What Does the Bite of a Wolf Spider Look Like?
Many people identify the creature they’ve come into contact with based on the mark they leave. So what does the bite of a wolf spider actually look like?
The first thing you’re likely to notice, is that the area of the bite will become quite red. Following this, some swelling usually begins to occur.
The pain of a wolf spider bite is known as being rather intense, which makes it easier to distinguish from other types of pain. This can last as long as up to fifteen days after you have been bitten.
Once you have been bitten by the wolf spider, the area will eventually go a dark colour. These bites are prone to becoming infected, which can cause some other complications along the way.
In the case of being bitten by a wolf spider, you should be sure to treat the affected area properly.
What Symptoms Might I Experience if I’m Bitten by a Wolf Spider?
If bitten by a wolf spider, it’s important you know what symptoms you could experience.
Many of these symptoms can actually be seen on your skin, so it’s important to know what to watch out for.
Some of the symptoms of being bitten by a wolf spider are as following:
- A large amount of intense pain.
- Itchiness and swelling in the affected area.
- The colour of your skin changing and becoming red.
- Further itching.
- In some cases, people will experience nausea and even vomiting.
- Feelings of dizziness.
- Your pulse rate increasing rapidly.
- The swelling of your lymph glands.
In some cases, the bitten area may begin to appear dark, and in some scenarios as we mentioned earlier, the bite may become infected which can then lead to further complications down the line.
In order to ensure you treat the bite correctly, we would always recommend seeking professional advice.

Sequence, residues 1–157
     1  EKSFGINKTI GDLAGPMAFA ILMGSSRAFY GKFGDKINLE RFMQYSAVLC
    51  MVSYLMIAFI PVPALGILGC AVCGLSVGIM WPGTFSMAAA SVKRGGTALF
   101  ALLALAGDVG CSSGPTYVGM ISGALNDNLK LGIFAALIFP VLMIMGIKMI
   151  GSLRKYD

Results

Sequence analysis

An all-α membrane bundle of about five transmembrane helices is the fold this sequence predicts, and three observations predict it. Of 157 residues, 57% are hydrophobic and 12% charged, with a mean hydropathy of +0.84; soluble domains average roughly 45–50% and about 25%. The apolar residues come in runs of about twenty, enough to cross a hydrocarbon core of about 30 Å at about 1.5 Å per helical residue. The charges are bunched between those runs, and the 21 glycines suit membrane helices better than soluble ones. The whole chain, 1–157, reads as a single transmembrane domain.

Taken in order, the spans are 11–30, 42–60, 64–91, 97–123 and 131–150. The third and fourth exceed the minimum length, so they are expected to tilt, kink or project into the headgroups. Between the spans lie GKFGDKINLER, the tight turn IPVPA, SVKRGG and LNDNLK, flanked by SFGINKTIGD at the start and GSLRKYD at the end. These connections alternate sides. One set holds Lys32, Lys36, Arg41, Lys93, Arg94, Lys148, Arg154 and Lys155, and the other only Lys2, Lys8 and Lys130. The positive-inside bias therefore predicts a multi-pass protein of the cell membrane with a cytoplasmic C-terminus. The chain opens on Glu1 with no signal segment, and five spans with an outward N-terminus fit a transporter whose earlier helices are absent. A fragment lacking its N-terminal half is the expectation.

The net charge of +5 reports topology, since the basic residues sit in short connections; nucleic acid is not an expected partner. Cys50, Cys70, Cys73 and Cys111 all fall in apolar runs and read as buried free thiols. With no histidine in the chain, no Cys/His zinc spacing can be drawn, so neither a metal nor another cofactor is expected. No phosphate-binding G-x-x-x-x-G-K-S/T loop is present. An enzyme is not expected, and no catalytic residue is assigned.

What are the Stages of Being Bitten by a Wolf Spider?
Last of all, but by absolutely no means least, we are going to be taking a look at what the different stages of being bitten by a wolf spider are actually like.
Remember, that wolf spiders will only bite you if they are provoked first. Their bite comes in an act of self – defence, and if left alone undisturbed, the wolf spider is completely harmless. So our advice would be to leave well alone!
Once you have been bitten by the spider, the effects will begin to appear, and will spread through various stages. Following this, you’ll begin to see more of the symptoms we mentioned just above.
Immediately after being bitten, the affected area will usually become red and swollen. Following this, the area may begin to turn black, and your lymph nodes could also begin to swell.
After this, you will start to feel the pain. The pain is fairly bad, and comes out in the form of intense itching, which can actually turn into a formation of blisters. In some cases, these blisters can actually burst and turn into ulcers. Yep, it’s about as pleasant as it sounds, and you should always seek medical attention at this point to nip the symptoms in the bud before they worsen.
If you get to this stage and fail to seek the right medical attention, you run the risk of the ulcers becoming worse. This stage can lead to feelings of nausea, and for some people, they can actually vomit.
In not seeking the proper medical advice, you then run the risk of further health complications. In some severe cases, there is a possibility that the formation of the red blood cells within your body will be interfered with in a negative capacity. This can lead to symptoms such as chills and a fever, and for those with severe allergic reactions, this can lead to a fatality.
Our advice? Although not dangerous to the vast majority of people, it’s no bad idea to avoid the wolf spider. If you don’t bother them, they won’t bother you! They hunt primarily at night, when you’re asleep, and won’t leave webs around your home. Through the day they’ll just hide out in their chosen cracks and crevices. Easy!
However, if you are wanting to get rid of the wolf spider from your home, we would recommend calling in a pest professional. It’s best not to risk getting bitten.
Thanks for reading!